Christmas in Germany a season for cultural traditions and conviviality

  • The Weihnachtsmarkt — Christmas craft fair — in the center of Berlin.
  • Crowds at a Weihnachtsmarkt, the Christmas craft fair, in Berlin.
  • Exquisite wooden carvings from Oberammergau for sale at the Christmas market in Berlin.
  • Nativity sets from Oberammergau are one of only two real signs of the Nativity at the Weihnachtsmarkt — Christmas craft fair — in Berlin.
  • Nativity sets for sale at the oldest wood carving shop in the Bavarian village of Oberammergau, dating to 1556.
  • Decorating the Maria Regina Martyrum Church in Berlin for Christmas.
  • Lights in apartment windows are a common pre-Christmas sight in Berlin.
  • An afternoon Filipino liturgy at Holy Spirit parish. The altar is flanked by props for a Christmas pageant; the projection is a staple at Filipino liturgies.

Germany, particularly in the Catholic southern and western regions, is home to a great many Christmas traditions, beginning with the arrival of the bishop-saint, St. Nicholas, on December 5, the eve of his feast day. Christmas trees, part of Christmas celebrations in more and more places around the world, originated in Germany. Weihnachtsmarkt, Christmas craft fairs also date back centuries in Germany, originally in southern cities like Munich and Nuremberg. Lebkuchen (a sweet cake with dried fruit) and gingerbread are among the German specialties served during Advent and Christmas. Christmas goose is the traditional meal.

Prussian Berlin kept a bit more distance from many forms of Christmas celebrations, but today, throughout December, holiday-themed lights and decorations play a very visible role there. For a city that is arguably post-Christian, Christmas is a major cultural event. Evergreen boughs, ribbons, Christmas trees, Weihnachtsmarkt and the lights that decorate apartment windows and shops throughout the city make it hard to miss what the season is, even if they don’t often convey a Christian meaning behind it. Stores close early on Christmas Eve, and Dec. 25 and 26 are holidays.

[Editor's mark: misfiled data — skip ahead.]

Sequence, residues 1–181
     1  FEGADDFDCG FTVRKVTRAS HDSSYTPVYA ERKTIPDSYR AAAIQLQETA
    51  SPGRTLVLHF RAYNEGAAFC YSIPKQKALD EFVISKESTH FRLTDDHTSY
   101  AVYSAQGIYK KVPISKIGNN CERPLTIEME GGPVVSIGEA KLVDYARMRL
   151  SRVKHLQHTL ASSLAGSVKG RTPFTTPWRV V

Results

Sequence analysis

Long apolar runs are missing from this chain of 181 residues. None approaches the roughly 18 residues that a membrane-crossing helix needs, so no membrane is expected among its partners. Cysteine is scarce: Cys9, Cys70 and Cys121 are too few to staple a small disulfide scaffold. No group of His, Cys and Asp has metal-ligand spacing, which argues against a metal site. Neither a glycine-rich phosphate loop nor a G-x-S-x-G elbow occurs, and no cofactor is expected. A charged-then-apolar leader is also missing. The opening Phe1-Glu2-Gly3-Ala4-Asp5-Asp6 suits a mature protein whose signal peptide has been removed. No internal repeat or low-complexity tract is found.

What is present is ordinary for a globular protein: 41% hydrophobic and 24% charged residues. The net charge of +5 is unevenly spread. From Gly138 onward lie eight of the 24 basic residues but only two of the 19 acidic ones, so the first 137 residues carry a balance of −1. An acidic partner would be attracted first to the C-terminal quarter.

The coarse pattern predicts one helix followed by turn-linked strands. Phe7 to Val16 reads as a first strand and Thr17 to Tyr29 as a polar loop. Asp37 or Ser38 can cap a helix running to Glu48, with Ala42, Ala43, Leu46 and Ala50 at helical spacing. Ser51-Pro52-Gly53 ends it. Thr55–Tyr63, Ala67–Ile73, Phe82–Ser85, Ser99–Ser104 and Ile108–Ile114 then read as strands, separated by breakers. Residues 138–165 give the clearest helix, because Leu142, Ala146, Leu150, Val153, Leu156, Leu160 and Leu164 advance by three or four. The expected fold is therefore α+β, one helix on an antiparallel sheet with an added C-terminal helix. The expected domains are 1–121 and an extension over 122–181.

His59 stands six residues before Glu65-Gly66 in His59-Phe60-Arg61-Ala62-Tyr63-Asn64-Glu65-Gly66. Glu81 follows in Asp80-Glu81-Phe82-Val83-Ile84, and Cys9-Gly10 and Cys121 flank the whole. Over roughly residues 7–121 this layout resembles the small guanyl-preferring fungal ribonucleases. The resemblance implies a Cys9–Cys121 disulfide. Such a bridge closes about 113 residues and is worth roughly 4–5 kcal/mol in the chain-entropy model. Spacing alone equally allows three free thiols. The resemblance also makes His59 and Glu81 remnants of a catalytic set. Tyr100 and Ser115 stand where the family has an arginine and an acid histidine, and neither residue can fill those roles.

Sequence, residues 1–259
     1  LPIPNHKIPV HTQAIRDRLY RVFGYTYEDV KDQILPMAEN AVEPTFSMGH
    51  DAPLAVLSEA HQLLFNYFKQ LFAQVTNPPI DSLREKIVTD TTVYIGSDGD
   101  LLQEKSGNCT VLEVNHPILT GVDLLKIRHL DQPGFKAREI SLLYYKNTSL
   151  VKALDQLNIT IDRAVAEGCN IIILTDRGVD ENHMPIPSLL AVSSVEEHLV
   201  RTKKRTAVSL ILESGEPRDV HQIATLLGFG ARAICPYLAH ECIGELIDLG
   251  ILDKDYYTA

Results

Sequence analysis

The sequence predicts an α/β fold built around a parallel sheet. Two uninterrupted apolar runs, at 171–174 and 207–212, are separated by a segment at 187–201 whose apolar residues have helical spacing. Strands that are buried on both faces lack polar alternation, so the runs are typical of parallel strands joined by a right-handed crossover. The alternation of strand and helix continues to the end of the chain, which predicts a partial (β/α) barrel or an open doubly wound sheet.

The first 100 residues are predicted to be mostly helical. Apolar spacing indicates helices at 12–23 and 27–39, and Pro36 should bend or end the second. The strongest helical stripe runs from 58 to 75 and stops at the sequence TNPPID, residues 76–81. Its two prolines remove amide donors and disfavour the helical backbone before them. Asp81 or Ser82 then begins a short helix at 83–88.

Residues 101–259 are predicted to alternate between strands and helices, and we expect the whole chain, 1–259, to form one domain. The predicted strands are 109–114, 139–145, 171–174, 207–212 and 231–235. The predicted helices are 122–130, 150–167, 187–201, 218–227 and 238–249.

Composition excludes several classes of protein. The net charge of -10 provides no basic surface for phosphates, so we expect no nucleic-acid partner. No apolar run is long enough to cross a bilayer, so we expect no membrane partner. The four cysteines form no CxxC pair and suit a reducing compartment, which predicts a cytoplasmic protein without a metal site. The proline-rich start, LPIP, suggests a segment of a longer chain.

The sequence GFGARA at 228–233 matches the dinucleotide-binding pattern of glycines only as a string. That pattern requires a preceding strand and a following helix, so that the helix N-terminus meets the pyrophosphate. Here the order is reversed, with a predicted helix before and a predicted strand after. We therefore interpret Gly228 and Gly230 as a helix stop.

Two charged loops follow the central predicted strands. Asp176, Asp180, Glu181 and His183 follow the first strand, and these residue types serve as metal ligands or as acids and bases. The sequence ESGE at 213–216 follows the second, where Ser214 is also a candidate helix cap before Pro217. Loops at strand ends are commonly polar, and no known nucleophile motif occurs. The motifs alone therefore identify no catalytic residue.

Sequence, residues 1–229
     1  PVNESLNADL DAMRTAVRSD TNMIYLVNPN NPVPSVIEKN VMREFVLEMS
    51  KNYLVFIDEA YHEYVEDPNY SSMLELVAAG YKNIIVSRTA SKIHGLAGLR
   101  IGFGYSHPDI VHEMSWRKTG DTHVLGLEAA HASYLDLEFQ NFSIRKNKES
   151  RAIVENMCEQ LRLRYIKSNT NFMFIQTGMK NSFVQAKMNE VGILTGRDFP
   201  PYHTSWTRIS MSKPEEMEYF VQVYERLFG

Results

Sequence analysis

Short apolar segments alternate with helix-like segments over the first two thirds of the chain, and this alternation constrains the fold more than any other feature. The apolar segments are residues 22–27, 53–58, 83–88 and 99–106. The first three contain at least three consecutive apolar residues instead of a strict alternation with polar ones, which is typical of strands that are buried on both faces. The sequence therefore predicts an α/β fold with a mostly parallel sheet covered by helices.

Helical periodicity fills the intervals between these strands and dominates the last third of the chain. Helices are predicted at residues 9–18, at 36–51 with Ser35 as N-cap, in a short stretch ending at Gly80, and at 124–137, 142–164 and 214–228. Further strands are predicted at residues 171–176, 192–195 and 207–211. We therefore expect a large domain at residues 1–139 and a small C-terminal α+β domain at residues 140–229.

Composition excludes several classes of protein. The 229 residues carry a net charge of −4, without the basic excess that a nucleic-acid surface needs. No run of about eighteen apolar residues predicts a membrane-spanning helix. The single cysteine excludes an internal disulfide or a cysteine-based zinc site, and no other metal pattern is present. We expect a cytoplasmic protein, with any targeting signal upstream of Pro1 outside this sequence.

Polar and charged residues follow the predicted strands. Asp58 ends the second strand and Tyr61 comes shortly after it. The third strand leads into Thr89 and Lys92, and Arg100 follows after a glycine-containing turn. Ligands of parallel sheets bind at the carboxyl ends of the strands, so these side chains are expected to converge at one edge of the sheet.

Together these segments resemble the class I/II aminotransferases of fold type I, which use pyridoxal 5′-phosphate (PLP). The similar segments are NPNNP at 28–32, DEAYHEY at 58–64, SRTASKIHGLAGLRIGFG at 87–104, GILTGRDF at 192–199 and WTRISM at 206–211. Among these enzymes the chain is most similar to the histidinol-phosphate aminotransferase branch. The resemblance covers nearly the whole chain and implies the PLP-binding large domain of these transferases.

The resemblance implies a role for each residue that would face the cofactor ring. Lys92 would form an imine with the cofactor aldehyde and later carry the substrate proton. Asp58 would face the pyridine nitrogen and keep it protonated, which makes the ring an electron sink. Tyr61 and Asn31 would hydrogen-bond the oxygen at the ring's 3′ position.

Berlin’s Weihnachtsmärkte, in the heart of the city at Stadtmitte, for example, conveys a sense of small town conviviality, and a respite (though still a consumerist one) from the malls and offices that surround it. It has dozens of booths, stands selling glühwein (hot mulled wine) and bratwurst, and a huge Christmas tree and many green and red holiday decorations. Only one shop, featuring crèches and related woodcarvings from Oberammergau, makes reference to Christianity. Most booths feature Christmas-themed foods, “holiday” ornaments, and gifts. Tucked near an enormous Christmas tree is a crèche with life-size figures, but it too is dwarfed by the stage from which 1950s American Christmas songs are broadcast.

Berliners spoke about gifts, conviviality, and hospitality when they described Christmas, but interestingly didn’t make even superficial reference to family, in contrast to the United States, where people often say that the holiday season is about "children" and "family." 

Catholics saw this as one of the few times when a Christian feast came into public attention, but also acknowledged that many Berliners had only a general idea what the origins of the feast were. Still, they noted, many Berliners would be clueless that Easter was an important feast, so they were at least pleased that they knew of Christmas as a celebration of the birth of Jesus.

Christmas eve Masses are said to be always packed, drawing out the many Catholics who are only holiday attendees. The stadium draws crowds for a traditional hymn-singing event. Churches often try to use the broader cultural energy around the holiday to attract attention to the Nativity story itself. St. Martin’s, a Catholic parish on the far Eastern edge of Berlin, sponsors a special Christmas hymn sing for persons of no faith, to give them a chance to sing traditional hymns that even secular Germans still cherish, and to hear the biblical Christmas story so that they know what it is.